The judgment against appellant Clyde Willis, Jr. is AFFIRMED. The judgment against appellants Robert Love and Christopher Pieser is REVERSED and the case is REMANDED to the district court for entry of a judgment of acquittal for these two defendants.


The statute provides that the Coast Guard may

make inquiries, examinations, inspections, searches, seizures, and arrests upon the high seas and waters over which the United States has jurisdiction, for the prevention, detection, and suppression of violations of laws of the United States. For such purposes, commissioned, warrant, and petty officers may at any time go on board of any vessel subject to the jurisdiction, or to the operation of any law, of the United States, address inquiries to those on board, examine the ship's documents and papers, and examine, inspect, and search the vessel and use all necessary force to compel compliance.

14 U.S.C. § 89(a).


"(a) Any person authorized in accordance with the provisions of this chapter to enforce the provisions of this chapter and the regulations issued thereunder may

(1) with or without a warrant, board any vessel subject to the jurisdiction of the United States and inspect such vessel and its catch ...."

16 U.S.C. § 971f.


§ 69.05-1 Marking net tonnage and official number on vessel

(a) The official number of a vessel preceded by the abbreviation "No.", and the net tonnage, preceded by the word "NET", shall be marked in a conspicuous place on her main beam at the expense of the owner or master, in Arabic numerals of the block type at least 3 inches in height, when the size of the main beam will permit. If the main beam is wood, it shall be carved or branded in figures not less than three-eights (sic) of an inch in depth. If the main beam is of iron or other metal, the official number and net tonnage shall be outlined by punch marks and painted over with oil paint in a light color on a dark background or a dark color on a light background.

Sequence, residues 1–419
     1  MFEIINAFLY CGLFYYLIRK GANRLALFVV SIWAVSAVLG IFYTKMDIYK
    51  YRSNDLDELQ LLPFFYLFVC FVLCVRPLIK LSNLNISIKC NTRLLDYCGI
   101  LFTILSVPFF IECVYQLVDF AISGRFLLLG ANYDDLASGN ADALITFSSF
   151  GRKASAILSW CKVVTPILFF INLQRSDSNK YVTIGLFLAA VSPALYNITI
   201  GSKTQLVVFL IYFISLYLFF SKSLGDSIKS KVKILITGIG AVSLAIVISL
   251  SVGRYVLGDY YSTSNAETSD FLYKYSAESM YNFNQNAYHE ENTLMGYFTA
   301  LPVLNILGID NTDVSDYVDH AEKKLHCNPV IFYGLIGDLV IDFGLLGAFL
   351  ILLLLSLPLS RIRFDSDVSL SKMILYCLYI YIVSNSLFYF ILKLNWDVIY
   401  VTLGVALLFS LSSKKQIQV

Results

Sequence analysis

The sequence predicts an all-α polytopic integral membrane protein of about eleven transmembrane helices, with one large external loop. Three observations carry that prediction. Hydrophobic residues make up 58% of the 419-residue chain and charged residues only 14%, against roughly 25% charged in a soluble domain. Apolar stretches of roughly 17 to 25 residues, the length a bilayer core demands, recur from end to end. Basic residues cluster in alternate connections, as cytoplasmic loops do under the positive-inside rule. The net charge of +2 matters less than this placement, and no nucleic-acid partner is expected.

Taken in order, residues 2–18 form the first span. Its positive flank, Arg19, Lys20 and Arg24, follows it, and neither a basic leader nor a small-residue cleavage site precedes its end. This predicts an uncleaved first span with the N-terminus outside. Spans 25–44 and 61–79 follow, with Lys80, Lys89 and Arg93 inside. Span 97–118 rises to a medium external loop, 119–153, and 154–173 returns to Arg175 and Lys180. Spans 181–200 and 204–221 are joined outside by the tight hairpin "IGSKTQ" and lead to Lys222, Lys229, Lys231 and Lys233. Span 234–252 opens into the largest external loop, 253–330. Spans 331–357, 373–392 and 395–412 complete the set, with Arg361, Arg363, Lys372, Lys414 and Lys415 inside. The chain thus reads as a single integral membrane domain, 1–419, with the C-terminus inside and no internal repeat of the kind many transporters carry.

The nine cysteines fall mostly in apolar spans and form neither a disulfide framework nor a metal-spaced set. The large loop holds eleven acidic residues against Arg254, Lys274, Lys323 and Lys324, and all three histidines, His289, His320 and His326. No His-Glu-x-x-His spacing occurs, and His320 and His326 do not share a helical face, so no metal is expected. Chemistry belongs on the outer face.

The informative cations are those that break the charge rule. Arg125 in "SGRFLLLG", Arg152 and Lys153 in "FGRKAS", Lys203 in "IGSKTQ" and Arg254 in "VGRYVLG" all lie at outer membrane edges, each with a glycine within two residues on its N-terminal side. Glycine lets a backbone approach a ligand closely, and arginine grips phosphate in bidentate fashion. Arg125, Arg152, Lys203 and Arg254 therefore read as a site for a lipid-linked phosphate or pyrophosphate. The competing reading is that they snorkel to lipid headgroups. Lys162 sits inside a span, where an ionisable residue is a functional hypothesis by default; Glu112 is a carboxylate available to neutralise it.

C.F.R. § 69.05-1


See nn. 1-3 above


The defense adopted the somewhat improbable strategy of arguing that the defendants were actually transporting the marijuana to Mexico from the United States or some third country, and had not yet completed their course "correction" at the time of the Coast Guard boarding. Consequently, the defense counsel argued to the jury that this was really the only issue before them and made remarks such as, "You may not approve of people who are selling marijuana.... We have never tried to suggest they weren't."